Being a Sony, the RX100 VI also includes a full complement of video features. It can shoot 4K video at 30 fps, 1080p at up to 120 fps, and super-slow-motion at 240, 480, and even 960 fps. It also features Hybrid Log Gamma (HLG) for capturing the maximum dynamic range and playing back HDR content on compatible televisions, a feature normally reserved for much higher-end cameras.

But perhaps best of all is that none of the RX100 VI’s advanced features are thrown in your face. They are there if you go looking for them, but if you want to sit back and enjoy an easy-to-use pocket camera, then you can do that without hassle.

The high price is certainly not for everyone, but the RX100 VI is a camera that you can grow into over time. You can also still buy older RX100 models brand new for much less money, and while they can’t match the performance of the mark VI, they still shoot stunning images thanks to very similar sensors.

Read our full review of the Sony RX100 VI

Best superzoom point-and-shoot: Sony Cyber-shot RX10 IV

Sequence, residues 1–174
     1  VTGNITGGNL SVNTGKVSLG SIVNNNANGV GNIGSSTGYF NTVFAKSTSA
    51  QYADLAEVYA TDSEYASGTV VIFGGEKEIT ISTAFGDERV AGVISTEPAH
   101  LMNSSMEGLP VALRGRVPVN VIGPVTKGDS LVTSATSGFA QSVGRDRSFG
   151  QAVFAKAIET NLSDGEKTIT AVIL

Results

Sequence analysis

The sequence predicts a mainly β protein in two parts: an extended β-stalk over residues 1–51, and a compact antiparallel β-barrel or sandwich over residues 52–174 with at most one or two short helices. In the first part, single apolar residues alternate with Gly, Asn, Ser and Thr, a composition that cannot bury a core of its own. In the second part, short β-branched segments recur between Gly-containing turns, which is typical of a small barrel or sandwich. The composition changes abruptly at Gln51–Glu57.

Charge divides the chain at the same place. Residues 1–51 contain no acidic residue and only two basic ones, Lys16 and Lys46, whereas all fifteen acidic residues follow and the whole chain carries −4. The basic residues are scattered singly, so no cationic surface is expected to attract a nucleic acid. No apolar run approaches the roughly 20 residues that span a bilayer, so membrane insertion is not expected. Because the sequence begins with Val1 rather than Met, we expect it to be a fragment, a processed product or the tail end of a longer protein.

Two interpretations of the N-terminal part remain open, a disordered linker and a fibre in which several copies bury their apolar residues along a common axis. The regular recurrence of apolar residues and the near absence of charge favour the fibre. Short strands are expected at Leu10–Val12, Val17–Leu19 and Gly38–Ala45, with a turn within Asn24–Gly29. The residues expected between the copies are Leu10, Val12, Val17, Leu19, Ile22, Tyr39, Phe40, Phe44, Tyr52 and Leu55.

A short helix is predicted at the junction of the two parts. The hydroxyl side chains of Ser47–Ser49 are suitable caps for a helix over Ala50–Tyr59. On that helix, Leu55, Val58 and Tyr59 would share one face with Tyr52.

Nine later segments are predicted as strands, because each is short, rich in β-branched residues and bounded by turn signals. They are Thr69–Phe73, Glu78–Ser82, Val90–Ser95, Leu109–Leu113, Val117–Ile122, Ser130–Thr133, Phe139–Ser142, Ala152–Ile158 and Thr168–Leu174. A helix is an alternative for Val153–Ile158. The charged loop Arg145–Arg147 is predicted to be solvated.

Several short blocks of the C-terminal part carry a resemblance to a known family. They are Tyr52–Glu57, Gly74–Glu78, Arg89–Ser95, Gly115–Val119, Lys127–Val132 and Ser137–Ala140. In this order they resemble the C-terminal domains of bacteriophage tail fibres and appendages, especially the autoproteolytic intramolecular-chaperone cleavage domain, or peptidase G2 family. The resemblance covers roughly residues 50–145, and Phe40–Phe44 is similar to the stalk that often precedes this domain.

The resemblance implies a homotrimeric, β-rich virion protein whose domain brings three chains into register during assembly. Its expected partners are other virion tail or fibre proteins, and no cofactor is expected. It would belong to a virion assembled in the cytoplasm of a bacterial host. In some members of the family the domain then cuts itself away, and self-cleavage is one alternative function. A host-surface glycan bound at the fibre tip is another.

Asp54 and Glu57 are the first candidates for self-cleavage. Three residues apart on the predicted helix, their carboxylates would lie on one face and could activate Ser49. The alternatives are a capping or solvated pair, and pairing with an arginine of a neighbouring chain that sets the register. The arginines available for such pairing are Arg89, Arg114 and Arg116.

best digital cameras Sony RX 10 IV

Why should you buy this: 24-600mm zoom, fast performance

Who’s it for: Nature and travel photographers.

Why we picked the Sony Cyber-shot RX10 IV:

Well, look at that, another Sony RX camera. The RX10 is the long-zoom compatriot to the RX100, and the Mark IV is the latest model. It is built around a similar 20MP, 1-inch-type “stacked” sensor as the RX100 VI and offers similar performance, including 24fps burst shooting, 4K video, 0.03-second autofocus acquisition. If the RX100 series is the best point-and-shoot camera that can fit in your pocket, the RX10 is the best point-and-shoot camera that can’t — it’s more capable, but less portable.